Review: Resident Evil – the Final Chapter

Oh my goodness; it’s difficult to determine where to start. This is a terrible movie, and a terrible sequel. It’d be an effort to watch if it didn’t follow six other films and end the series, but it’s downright painful if you’ve seen the other movies.

The Final Chapter begins a few weeks after the events of Retribution. That film ended with Alice, our protagonist, being injected with the “T-Virus”, restoring all of her superhuman abilities, before observing hordes of zombies slowly walking towards the White House. I mention their speed because in this film they can run. And by run I mean keep pace with a motorcycle. Of course, you never actually see this because this film despises establishing shots. What we see is a tank keeping pace with a motorcycle attempting to flee from it, and then a shot of the zombies keeping up with the back of the tank. You can blame the editing, the writing, the directing, doesn’t really matter. It’s just silly. They walk at normal, zombie-like speed in most other scenes, occasionally running when we need a jump-scare… and the jump-scares are pretty much the only thing this movie has going for it. It made me jump two or three times, which, I must admit, is more than most horrors. The cleverness of the sound design was enough to jolt me out of my boredom for a few minutes at a time.

So this film has Alice away from Washington and her friends with very little explanation. All we’re told is that the man who restored her powers at the end of the last film betrayed them all and took her powers away. Yeah, you read that right. He restored her powers in the very last scene of the last film, and then took them back again between the end-credits of that one and the opening credits of this one. I had to rewatch the final scene of the last one just to make sure it actually was as stupid as I believed. And a previously established antagonist is suddenly a religious fanatic, which is completely new and not at all part of his character in any of the preceding films.

It also entirely rewrites what we learnt in the second film, Apocalypse. So in that movie, we meet Charles Ashford, the man who created the T-Virus to save his daughter, Angela, from a life in a wheelchair. Angela also serves as the template for the Red Queen, an artificial intelligence. In The Final Chapter, we meet James Marcus, who looks absolutely nothing like Charles Ashford but apparently created the T-Virus to save his daughter, Alicia. We also discover that Alicia served as the template for the Red Queen. The facts established in Apocalypse are entirely contradicted. It’s mind-boggling. It’s absolutely incredible, especially considering they were both written by the same man.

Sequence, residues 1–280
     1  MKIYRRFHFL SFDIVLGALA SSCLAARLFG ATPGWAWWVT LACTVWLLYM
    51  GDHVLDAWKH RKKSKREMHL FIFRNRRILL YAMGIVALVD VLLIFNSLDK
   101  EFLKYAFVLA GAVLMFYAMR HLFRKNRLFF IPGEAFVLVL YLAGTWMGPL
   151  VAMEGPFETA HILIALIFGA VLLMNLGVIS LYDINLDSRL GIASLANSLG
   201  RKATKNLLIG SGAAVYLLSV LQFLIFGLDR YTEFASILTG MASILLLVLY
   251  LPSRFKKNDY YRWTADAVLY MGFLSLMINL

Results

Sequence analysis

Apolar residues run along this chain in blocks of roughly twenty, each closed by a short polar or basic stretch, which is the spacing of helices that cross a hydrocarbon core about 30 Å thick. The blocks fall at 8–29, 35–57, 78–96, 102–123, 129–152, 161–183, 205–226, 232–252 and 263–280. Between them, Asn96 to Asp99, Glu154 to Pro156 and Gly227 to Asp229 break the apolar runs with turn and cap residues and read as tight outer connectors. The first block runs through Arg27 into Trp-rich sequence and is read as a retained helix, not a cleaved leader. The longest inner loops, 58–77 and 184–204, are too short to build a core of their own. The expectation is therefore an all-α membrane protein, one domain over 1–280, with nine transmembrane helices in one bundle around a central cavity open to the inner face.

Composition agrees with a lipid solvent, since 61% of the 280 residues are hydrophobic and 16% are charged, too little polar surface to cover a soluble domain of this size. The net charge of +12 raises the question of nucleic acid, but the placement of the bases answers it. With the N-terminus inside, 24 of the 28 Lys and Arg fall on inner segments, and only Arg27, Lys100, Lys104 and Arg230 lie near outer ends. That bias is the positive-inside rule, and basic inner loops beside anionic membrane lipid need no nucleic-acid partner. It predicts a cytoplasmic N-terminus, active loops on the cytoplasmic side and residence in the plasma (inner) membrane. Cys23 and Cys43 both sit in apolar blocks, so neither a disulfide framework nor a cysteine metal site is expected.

Even ignoring all plot-holes and inconsistencies, we still don’t have a very good script. The dialogue is awful, and Milla Jovovich is the only member of the cast who manages to deliver it with any sort of elegance. The plot isn’t much better, with all manner of silliness and illogic. A man named Wesker is tasked with preventing Alice from reaching a T-Antivirus, with which she means to save the world, by any means necessary. So he sets dogs upon her as she approaches the facility. After she gets past them and enters, he seals the doors. Then he turns industrial fans on in an attempt to slice her and her friends into pieces. After one dies, he turns them off and they progress to the next obstacle… and at any time he could maybe, you know, destroy the antivirus. We’re never given any reason why he couldn’t just do that.

The camera-work is headache-inducing. There are so many cuts going on that you can’t tell what’s going on. The principle behind cutting so quickly in an action sequence is to give a sense of chaos, of loss of control… but this was happening in casual conversation as well as action sequences. Five people would be talking and we get what feels like twenty close-ups of faces within fifteen seconds, without even getting an establishing shot to see where each person is standing. The editing makes it incredibly hard to watch, and a lot of it is pointless. During a fight sequence, two characters grapple before pulling apart, and one character reveals a grenade-pin in her hand. The other character clutches his coat pocket. He then explodes… but not before we get a flashback sequence of her planting the grenade in his pocket. It lacks any purpose.

Even outside of specific sequences the film is edited poorly; we see a shot of a character waking up from unconsciousness, followed by a shot of two men talking in another room, followed by a shot of the first character breaking free from her cell… before the camera pans to one of the two men hiding from her. Teleportation spell, maybe?

The Final Chapter’s only redeeming qualities are Jovovich’s performance and the diagetic sound. The most disappointing element of all this is that I actually liked the first Resident Evil. It’s probably the best film to be based upon a video-game, though the bar isn’t very high on that one.

Resident Evil: The Final Chapter is in cinemas now.

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Alex Falzon

Alexander Falzon is a film critic, screenwriter and short story author. An RMIT graduate, Alexander enjoys watching and discussing film, and mixes an excellent martini. You can hit him up on Twitter @alexanderfalzon and read more of his reviews at alexfalzon.com.

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